Feminism : A Social Movement

899 WordsMar 28, 20164 Pages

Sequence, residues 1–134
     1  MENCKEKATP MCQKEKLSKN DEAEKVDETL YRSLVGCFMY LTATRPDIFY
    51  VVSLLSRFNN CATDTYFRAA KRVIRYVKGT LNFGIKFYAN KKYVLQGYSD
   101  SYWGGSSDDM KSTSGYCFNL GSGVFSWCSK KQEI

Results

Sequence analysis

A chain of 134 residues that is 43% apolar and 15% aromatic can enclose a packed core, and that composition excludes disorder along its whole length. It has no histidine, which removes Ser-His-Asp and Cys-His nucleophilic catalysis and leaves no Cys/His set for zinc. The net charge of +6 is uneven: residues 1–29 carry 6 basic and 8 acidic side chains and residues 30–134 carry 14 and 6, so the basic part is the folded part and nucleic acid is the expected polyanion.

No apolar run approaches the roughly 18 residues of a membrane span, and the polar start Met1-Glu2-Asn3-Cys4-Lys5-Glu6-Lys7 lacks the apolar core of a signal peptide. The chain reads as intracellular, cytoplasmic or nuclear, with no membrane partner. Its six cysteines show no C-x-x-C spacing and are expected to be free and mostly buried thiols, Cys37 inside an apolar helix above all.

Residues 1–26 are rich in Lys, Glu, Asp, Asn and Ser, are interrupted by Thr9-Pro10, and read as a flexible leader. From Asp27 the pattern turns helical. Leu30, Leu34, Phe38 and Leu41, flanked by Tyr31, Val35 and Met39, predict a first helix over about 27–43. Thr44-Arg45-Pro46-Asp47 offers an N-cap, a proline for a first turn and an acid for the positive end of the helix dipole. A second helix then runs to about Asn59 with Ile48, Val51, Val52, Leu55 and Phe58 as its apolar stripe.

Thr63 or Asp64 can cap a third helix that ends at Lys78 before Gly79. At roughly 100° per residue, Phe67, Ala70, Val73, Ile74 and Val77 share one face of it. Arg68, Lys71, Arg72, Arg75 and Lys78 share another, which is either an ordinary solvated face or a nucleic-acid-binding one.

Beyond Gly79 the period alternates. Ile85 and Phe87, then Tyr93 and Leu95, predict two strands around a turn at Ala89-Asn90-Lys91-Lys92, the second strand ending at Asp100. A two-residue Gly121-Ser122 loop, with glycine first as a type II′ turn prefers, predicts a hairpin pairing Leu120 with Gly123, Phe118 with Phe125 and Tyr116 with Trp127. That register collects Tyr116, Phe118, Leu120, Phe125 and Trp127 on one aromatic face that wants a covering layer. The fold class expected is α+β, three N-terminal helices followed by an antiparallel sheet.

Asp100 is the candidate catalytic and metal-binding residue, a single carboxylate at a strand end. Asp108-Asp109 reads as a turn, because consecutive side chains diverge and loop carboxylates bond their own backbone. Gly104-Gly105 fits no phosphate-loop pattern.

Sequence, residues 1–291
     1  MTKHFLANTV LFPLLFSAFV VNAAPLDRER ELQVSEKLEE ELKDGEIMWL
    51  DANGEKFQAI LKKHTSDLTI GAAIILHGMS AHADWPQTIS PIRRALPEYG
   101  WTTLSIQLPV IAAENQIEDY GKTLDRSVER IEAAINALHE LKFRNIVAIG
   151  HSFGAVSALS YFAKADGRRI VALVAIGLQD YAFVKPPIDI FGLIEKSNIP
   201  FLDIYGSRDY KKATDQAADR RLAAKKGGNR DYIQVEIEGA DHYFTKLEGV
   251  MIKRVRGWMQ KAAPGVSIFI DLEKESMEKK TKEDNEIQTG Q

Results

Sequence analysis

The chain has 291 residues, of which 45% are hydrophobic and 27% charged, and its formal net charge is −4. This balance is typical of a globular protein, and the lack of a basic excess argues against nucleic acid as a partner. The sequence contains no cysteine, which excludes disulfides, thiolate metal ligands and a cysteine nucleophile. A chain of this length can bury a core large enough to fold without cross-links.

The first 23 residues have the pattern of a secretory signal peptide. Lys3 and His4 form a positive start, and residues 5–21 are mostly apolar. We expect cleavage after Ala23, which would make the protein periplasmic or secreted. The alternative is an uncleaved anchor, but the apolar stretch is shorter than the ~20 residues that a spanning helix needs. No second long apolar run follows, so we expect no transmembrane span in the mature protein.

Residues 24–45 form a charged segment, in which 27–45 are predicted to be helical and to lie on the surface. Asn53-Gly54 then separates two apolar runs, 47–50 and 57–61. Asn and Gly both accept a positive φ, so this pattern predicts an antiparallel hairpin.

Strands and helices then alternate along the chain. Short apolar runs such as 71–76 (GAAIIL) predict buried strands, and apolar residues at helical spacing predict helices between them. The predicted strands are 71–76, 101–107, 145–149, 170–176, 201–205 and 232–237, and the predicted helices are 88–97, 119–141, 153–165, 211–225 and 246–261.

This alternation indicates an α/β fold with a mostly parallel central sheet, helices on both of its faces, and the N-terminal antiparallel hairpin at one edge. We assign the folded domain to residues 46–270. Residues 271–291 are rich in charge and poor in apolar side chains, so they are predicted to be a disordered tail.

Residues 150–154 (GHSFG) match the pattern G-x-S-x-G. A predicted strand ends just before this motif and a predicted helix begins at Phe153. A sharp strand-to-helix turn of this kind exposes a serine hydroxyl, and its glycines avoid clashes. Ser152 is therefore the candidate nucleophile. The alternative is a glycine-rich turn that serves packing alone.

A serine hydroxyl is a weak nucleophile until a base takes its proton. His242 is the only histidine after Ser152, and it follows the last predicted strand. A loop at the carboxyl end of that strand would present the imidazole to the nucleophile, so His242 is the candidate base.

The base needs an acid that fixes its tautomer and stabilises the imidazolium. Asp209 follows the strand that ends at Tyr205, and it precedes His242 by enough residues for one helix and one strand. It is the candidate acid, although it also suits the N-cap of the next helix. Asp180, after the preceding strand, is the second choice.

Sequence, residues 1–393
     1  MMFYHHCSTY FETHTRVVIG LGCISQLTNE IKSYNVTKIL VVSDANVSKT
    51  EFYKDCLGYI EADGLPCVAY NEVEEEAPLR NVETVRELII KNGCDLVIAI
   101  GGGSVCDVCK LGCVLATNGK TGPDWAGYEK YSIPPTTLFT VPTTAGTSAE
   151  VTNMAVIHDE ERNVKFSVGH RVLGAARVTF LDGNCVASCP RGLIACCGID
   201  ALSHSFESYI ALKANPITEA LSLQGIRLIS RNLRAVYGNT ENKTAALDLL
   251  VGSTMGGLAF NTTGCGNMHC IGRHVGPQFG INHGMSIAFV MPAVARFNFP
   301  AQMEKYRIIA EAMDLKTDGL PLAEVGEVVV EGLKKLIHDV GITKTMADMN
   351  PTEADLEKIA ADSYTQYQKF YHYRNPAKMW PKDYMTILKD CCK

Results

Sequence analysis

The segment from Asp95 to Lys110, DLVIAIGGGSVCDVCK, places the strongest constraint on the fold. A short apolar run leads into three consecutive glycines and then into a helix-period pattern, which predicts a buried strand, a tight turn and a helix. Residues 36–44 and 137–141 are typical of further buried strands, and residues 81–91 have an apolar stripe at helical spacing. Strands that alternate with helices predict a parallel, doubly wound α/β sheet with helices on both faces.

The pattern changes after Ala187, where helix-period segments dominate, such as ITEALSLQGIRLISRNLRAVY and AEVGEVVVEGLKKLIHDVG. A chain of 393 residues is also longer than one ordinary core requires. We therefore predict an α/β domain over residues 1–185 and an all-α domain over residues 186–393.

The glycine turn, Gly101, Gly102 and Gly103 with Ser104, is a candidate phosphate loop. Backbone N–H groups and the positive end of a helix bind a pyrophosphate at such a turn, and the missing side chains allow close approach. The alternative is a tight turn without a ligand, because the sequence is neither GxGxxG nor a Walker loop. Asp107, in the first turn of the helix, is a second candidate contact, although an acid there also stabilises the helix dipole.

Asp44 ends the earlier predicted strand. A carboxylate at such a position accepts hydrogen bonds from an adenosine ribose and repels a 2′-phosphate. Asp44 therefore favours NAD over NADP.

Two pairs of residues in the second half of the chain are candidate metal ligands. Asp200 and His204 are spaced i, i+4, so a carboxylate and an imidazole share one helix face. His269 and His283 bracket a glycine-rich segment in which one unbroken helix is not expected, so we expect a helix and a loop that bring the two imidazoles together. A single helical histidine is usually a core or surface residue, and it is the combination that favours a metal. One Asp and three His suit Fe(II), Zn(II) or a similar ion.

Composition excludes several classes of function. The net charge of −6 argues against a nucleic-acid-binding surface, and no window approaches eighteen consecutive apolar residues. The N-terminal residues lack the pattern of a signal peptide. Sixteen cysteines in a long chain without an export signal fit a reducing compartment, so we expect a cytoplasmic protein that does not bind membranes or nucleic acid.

As the world advances further into the twenty first century a new modernized form of feminism becomes more and more prominent. Referred to as third wave feminism, it is a social movement focused on equality of the sexes. At the core this idea is simple but when applied to modern day societies it becomes increasingly complex and even, at times, convoluted. For the most part, this particular wave of feminism is primarily concerned with first world countries and their accompanying issues as patriarchal societies. This aspect alone elicits criticism of the movement and grounds on which some try to use to dismiss its points. The critics of modern feminism call themselves antifeminists and aim to discredit what they believe to be an unjust movement. Both the feminists and the antifeminists raise good arguments for the reasons behind their opinions on the issue, but both have their flaws as well. The most commonly cited argument of the antifeminists is that modern feminism is actually not in support of gender equality, but instead promotes the demonization of the entire male gender as oppressors and abusers of women. To be summed up in the most basic way antifeminism is the belief that modern feminism’s arguments are incorrect or exaggerated and purposely encourage misandry. Many women don’t want to openly identify as a “feminist” because of the stigma the word comes with of being a radical man hater. Antifeminists see feminism as an attempt to paint women as victims of society; a
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